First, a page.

Taking Back Our Stolen History
World Economic Forum Annual Meeting Begins (17th-20th)
World Economic Forum Annual Meeting Begins (17th-20th)

World Economic Forum Annual Meeting Begins (17th-20th)

(From their own site: weforum.com) With over 400 sessions on the official programme, covering everything from the rise of populism to the global economic outlook, you’d be forgiven for feeling confused by what just happened in Davos. While it would be impossible to condense it all into one article, here are some of the biggest stories.

A new leadership role for China

Before the meeting even started, China was already making headlines: not only was Xi Jinping the first Chinese president to come to Davos, but he was joined by the largest delegation the Asian giant has ever sent. In an address to participants, Xi emerged as a champion of economic globalization, insisting that despite a Western backlash, it still had the power to change people’s lives for the better. It was a message repeated by other Chinese leaders at the meeting, including one of the country’s most successful entrepreneurs, Jack Ma of Alibaba. It’s not globalization that’s to blame for America’s woes, he explained; it’s the way the process was managed. Rather than redistributing wealth to all Americans, it was squandered according to Xi.

Where now for Europe?

Sticking to the theme of uncertainty, British Prime Minister Theresa May came to Davos to outline her country’s Brexit plans. Despite her assurances that Britain was still open for business, financial leaders didn’t seem convinced, and spoke to journalists in Davos about their plans for downsizing their London offices. As for the European project more broadly, while its future is still unclear, leaders took to the stage to defend it from critics. National governments need to stop playing the blame game, they said, and instead rally round to save the union.

A new world order

The main sense throughout the meeting was that we’re living through a geopolitical shift not seen since the end of the Cold War – from a unipolar world, with one superpower, to a multipolar one. “We are moving into a world in which you have many great powers,” economist Nouriel Roubini told participants. “These great powers either work together, or there will be increasing frictions and conflicts on trade and currency, on economics and finance.” Change is scary, Alexander De Croo, Belgian’s deputy prime minister, told participants in a session on understanding the rise of populism – a theme that cut across the whole meeting. “What you have is anxiety about a world that is changing,” he said.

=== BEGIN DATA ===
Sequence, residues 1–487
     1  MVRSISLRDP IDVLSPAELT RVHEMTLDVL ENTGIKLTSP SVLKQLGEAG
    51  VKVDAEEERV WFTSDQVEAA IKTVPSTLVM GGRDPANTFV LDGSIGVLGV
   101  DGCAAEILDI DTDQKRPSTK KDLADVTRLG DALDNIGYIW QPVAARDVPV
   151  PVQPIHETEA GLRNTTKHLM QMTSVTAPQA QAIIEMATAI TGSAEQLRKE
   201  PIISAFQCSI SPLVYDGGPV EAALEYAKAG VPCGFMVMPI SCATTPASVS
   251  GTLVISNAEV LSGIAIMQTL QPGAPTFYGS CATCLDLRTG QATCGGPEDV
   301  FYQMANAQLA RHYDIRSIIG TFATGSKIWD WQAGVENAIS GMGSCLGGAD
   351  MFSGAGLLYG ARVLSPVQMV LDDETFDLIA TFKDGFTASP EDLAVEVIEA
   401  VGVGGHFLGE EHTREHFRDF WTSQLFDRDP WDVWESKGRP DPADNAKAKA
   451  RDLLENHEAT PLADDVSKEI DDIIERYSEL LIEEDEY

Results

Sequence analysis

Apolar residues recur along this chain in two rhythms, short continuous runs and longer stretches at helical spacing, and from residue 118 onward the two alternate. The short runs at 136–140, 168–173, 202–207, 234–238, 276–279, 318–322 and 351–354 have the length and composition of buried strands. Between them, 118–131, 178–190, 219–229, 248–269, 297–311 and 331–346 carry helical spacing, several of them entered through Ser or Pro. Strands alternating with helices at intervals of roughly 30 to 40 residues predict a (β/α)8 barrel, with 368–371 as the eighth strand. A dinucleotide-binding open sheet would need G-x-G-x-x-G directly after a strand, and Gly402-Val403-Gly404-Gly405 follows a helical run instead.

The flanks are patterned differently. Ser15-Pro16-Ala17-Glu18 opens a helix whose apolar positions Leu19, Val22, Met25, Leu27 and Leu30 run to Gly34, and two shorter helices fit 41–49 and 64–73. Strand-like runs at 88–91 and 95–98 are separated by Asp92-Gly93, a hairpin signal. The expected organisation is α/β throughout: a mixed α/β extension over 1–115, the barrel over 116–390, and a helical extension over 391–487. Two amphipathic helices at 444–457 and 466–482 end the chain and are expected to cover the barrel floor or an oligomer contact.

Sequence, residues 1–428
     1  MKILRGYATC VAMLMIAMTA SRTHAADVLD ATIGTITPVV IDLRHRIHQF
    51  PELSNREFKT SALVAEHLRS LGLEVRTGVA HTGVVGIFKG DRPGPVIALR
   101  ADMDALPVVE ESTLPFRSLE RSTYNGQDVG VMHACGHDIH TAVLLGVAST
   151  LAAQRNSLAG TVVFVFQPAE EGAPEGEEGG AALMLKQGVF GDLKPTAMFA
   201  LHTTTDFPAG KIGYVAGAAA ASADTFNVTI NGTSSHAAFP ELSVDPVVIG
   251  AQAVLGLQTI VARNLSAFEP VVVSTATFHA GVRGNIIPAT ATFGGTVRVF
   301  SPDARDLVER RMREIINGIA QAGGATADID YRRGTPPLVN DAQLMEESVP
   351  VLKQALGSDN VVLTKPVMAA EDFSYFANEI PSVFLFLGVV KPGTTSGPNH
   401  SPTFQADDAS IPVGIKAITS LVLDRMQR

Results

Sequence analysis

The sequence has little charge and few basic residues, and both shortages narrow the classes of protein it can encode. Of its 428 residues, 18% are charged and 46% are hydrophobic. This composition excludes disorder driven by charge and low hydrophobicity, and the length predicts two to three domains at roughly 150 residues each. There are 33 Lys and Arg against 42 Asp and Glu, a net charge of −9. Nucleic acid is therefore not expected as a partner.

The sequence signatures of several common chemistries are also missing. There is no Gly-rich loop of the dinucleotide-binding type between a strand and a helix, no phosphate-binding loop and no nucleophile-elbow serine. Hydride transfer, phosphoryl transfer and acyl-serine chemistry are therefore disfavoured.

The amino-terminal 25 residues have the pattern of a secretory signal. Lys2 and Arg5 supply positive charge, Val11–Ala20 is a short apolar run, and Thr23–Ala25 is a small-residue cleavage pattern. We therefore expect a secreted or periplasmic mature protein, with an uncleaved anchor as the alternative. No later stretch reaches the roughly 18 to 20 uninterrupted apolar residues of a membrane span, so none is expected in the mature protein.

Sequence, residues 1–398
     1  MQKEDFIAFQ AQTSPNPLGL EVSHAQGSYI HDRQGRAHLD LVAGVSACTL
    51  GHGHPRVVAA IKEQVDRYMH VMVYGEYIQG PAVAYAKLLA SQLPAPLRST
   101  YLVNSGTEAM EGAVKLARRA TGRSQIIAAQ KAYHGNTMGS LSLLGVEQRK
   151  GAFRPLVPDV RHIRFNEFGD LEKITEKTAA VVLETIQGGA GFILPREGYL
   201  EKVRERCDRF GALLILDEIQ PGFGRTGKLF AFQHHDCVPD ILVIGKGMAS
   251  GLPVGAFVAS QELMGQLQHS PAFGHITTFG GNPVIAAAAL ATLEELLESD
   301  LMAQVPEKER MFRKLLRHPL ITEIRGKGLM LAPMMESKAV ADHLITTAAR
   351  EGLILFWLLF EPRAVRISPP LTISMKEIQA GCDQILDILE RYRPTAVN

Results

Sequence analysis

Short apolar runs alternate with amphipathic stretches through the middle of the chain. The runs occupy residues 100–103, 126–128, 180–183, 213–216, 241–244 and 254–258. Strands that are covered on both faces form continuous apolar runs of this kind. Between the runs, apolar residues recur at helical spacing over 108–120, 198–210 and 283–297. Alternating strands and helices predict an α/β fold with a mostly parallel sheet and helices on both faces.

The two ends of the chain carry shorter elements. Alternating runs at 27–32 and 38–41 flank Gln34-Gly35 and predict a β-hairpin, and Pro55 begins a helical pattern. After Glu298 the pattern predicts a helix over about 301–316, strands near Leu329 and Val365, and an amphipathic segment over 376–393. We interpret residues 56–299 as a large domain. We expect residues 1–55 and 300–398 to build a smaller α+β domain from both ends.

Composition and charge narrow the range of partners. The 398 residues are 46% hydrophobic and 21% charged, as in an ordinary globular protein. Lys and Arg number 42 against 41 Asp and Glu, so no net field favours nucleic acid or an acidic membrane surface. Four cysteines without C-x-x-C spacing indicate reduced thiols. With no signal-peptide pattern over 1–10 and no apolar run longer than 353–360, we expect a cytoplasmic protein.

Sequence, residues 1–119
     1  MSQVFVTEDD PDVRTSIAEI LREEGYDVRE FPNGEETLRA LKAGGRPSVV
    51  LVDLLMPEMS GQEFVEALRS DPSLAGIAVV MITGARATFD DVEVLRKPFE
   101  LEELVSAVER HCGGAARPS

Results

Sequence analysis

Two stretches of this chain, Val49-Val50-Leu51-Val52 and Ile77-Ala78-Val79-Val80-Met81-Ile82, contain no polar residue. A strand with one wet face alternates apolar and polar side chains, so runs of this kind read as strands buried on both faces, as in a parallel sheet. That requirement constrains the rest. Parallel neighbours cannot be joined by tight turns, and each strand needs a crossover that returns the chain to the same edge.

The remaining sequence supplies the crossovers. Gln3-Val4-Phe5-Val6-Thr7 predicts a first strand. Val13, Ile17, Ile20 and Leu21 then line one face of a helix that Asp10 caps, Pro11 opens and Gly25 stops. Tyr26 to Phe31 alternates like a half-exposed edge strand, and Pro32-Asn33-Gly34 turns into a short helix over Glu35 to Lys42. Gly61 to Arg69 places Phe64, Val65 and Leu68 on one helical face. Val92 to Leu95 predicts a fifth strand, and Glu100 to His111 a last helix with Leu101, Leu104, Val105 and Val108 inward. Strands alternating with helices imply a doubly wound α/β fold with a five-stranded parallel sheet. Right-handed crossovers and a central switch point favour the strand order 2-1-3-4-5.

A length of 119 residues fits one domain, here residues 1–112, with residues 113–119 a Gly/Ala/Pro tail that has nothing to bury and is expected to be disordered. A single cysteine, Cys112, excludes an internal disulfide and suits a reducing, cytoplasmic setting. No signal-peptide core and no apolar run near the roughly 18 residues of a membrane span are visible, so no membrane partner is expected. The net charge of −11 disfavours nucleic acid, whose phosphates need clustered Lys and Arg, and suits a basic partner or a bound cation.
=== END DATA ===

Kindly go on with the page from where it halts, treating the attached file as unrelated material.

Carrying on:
What will the new world look like?

The question that kept coming up is what that world will look like. Will it be a return to the 1930s, with a rise in selfish national interests at the extent of the broader good? Not according to Davos leaders. While almost everyone called for a reform to globalization, most people agreed with President Xi: globalization is worth saving.

Here’s another propaganda article from weforum.com on what the future might look like titled: “Welcome to 2030. I own nothing, have no privacy, and life has never been better“:

Welcome to the year 2030. Welcome to my city – or should I say, “our city”. I don’t own anything. I don’t own a car. I don’t own a house. I don’t own any appliances or any clothes.

It might seem odd to you, but it makes perfect sense for us in this city. Everything you considered a product, has now become a service. We have access to transportation, accommodation, food and all the things we need in our daily lives. One by one all these things became free, so it ended up not making sense for us to own much.

First communication became digitized and free to everyone. Then, when clean energy became free, things started to move quickly. Transportation dropped dramatically in price. It made no sense for us to own cars anymore, because we could call a driverless vehicle or a flying car for longer journeys within minutes. We started transporting ourselves in a much more organized and coordinated way when public transport became easier, quicker and more convenient than the car. Now I can hardly believe that we accepted congestion and traffic jams, not to mention the air pollution from combustion engines. What were we thinking?

Yes, the communist plan to eliminate property will be sold to us with lipstick and rouge. Not taken from us by force. Once we’ve handed over our property rights for convenience as explained in the aboce scenario, the noose will tighten. Property taxes will become extreme moving everyone toward renting or having things provided as a service. Ownership will lie in the hands of the megacorporations who will eventually raise prices, force things on you that you don’t want, etc.